Obama Administration Revisits California Waiver Decision

By Todd J. Guerrero | March 09, 2009
With due respect to Maine, as California goes, so (it appears) goes the nation.

Last March I wrote about how states-particularly California-continue to drive renewable fuel laws and policies. California's economy is by far the dominant force in the U.S. economy. According to sources, if California were an independent nation, its economy would rank between the seventh and 10th largest in the world. California's impact on the transportation sector is equally significant. Approximately half of all the energy used to drive California's economy is consumed to fuel its cars, trucks and buses. Indeed, California uses more than 16 billion gallons of gasoline per year, apparently enough to drive a car getting 30 miles per gallon to the sun and back three times.

Given California's weight, it wasn't surprising when President Barack Obama's administration, acting through the U.S. EPA, recently decided to reconsider the EPA's March 2008 decision in which it denied California's earlier request for permission to set its own standards for controlling greenhouse gas emissions from motor vehicles.

Responding to a Jan. 21, 2009, letter request from the California Air Resources Board, Obama signed a Jan. 26 memorandum directing the EPA to reassess whether the EPA's decision to deny California an earlier waiver was appropriate in light of the Clean Air Act and the EPA's past actions regarding previous requests by the state.

To refresh, in March 2007, former EPA administrator Stephen Johnson found that California's request to adopt separate greenhouse gas motor-vehicle standards was far different than previous California waiver requests, all of which had been granted. The EPA noted that greenhouse gases are global in nature and contribute to global climate change, which "poses challenges for the entire nation and indeed the world." Unlike the emissions covered by past waiver requests, the EPA concluded that greenhouse gas emissions are by definition global and that the challenges presented by climate change are not unique to California.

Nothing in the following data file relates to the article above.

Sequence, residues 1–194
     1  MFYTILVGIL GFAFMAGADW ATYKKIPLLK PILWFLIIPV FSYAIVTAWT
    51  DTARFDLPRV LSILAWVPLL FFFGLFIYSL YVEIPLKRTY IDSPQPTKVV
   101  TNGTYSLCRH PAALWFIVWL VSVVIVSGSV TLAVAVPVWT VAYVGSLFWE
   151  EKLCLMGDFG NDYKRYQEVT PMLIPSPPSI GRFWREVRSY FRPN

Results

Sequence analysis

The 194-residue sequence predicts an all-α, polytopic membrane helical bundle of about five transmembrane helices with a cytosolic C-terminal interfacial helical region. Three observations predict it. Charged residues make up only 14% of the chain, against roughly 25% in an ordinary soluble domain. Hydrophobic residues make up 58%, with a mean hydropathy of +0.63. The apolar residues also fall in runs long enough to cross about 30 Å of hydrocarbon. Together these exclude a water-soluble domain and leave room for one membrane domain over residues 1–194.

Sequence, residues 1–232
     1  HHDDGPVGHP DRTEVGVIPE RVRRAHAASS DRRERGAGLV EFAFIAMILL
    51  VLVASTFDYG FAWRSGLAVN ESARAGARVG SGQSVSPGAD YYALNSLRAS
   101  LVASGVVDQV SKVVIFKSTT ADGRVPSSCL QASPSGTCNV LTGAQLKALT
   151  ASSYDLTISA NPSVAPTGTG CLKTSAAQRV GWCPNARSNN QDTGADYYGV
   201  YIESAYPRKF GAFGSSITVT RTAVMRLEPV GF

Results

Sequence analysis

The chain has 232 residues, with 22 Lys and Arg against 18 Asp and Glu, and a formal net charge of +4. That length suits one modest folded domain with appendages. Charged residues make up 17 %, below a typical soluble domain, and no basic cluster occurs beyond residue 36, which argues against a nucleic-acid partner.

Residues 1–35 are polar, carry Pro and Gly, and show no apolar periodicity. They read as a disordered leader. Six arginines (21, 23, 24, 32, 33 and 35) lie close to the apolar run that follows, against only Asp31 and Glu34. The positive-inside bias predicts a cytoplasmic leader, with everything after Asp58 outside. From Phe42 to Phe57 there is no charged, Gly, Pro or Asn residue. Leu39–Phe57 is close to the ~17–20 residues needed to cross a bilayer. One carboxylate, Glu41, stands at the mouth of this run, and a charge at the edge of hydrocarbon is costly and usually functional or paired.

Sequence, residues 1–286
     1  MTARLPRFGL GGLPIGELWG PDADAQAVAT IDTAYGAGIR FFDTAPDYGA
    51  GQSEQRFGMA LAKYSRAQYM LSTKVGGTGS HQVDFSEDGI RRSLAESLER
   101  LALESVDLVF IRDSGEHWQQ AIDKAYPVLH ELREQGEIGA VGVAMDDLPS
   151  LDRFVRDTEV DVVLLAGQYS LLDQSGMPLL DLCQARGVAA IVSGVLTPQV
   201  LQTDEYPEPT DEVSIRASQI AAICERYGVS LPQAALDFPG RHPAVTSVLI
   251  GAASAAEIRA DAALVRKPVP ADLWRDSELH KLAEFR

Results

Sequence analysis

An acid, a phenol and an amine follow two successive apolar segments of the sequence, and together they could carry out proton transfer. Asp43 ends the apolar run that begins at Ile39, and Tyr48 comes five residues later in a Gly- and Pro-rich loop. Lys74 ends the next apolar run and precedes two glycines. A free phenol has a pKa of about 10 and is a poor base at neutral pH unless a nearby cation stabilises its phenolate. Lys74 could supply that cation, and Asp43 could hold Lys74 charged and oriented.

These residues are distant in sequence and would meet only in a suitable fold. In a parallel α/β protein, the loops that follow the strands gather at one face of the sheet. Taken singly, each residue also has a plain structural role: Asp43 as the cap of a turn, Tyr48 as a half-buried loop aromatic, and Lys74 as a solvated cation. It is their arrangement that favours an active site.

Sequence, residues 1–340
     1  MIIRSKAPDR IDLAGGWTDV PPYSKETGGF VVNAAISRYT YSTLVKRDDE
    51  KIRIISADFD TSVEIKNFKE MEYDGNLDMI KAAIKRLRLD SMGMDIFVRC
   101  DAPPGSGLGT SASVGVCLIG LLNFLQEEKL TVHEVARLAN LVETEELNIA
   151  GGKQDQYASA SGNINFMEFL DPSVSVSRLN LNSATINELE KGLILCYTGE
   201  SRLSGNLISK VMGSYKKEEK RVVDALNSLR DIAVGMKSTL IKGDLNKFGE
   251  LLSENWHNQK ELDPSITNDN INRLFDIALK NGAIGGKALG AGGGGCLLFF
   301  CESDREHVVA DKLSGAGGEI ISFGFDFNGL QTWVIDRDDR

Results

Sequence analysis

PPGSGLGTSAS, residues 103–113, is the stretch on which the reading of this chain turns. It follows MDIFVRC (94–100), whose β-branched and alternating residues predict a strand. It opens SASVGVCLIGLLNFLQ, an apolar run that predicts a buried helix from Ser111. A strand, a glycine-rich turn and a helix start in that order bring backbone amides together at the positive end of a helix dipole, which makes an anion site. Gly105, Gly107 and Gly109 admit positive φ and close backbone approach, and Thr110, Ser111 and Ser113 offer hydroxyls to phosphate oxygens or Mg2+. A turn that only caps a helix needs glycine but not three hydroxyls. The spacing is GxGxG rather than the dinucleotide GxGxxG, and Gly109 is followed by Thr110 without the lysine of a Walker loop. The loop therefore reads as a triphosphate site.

In its reconsideration request, CARB was blunt in its assessment of the EPA's previous denial. It states that Johnson misinterpreted the Clean Air Act by establishing new and "flawed" tests, and then intentionally misapplied the facts to the invented test in order to deny the waiver. According to CARB, Johnson wrongly concluded that in allowing California to set its own motor-vehicle emission standards, Congress intended to limit California's standards to those addressing only local or regional factors unique to the state's topography, meteorology, climate, or human and vehicle population. Instead, CARB is asking the new EPA administrator, Lisa Jackson, to evaluate California's need for greenhouse gas standards not "in isolation" but instead as "part of the state's complete motor-vehicle emission-control program." CARB argued that while the issue isn't necessarily determinative, one reason for the waiver is that California does in fact have more pressing air quality and other resource impacts than other parts of the nation.

On Feb, 6, 2009, the EPA issued a notice asking for public comments no later than April 6, 2009. Jackson is almost certain to reverse the decision of her predecessor and grant California's waiver request. In initiating the reconsideration process, Jackson stated that there are "significant issues" surrounding Johnson's denial, and that the earlier denial was a "substantial departure" from the agency's "long-standing interpretation" of the Clean Air Act and its treatment of previous California waiver requests.

Meanwhile, an appeal of Johnson's decision is presently before the U.S. Court of Appeals in Washington, D.C.

Todd J. Guerrero is an attorney practicing with the Agribusiness and Energy group at Lindquist & Vennum PLLP. Reach him at tguerrero@lindquist.com or (612) 371-3211.
 
 
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